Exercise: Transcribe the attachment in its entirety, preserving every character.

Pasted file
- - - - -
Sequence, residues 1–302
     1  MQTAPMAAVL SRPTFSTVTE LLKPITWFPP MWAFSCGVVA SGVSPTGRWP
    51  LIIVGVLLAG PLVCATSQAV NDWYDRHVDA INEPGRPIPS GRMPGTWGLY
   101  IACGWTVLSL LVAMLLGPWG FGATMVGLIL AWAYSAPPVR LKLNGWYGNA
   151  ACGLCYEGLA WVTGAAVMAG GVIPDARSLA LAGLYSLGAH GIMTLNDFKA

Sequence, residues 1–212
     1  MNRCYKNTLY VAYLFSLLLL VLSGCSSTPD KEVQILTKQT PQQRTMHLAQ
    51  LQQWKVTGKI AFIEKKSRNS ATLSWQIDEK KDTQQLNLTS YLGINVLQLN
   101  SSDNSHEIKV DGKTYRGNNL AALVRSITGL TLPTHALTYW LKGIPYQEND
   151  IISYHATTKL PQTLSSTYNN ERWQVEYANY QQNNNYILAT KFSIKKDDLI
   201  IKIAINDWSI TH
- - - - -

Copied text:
Sequence, residues 1–302
     1  MQTAPMAAVL SRPTFSTVTE LLKPITWFPP MWAFSCGVVA SGVSPTGRWP
    51  LIIVGVLLAG PLVCATSQAV NDWYDRHVDA INEPGRPIPS GRMPGTWGLY
   101  IACGWTVLSL LVAMLLGPWG FGATMVGLIL AWAYSAPPVR LKLNGWYGNA
   151  ACGLCYEGLA WVTGAAVMAG GVIPDARSLA LAGLYSLGAH GIMTLNDFKA

Sequence, residues 1–212
     1  MNRCYKNTLY VAYLFSLLLL VLSGCSSTPD KEVQILTKQT PQQRTMHLAQ
    51  LQQWKVTGKI AFIEKKSRNS ATLSWQIDEK KDTQQLNLTS YLGINVLQLN
   101  SSDNSHEIKV DGKTYRGNNL AALVRSITGL TLPTHALTYW LKGIPYQEND
   151  IISYHATTKL PQTLSSTYNN ERWQVEYANY QQNNNYILAT KFSIKKDDLI
   201  IKIAINDWSI TH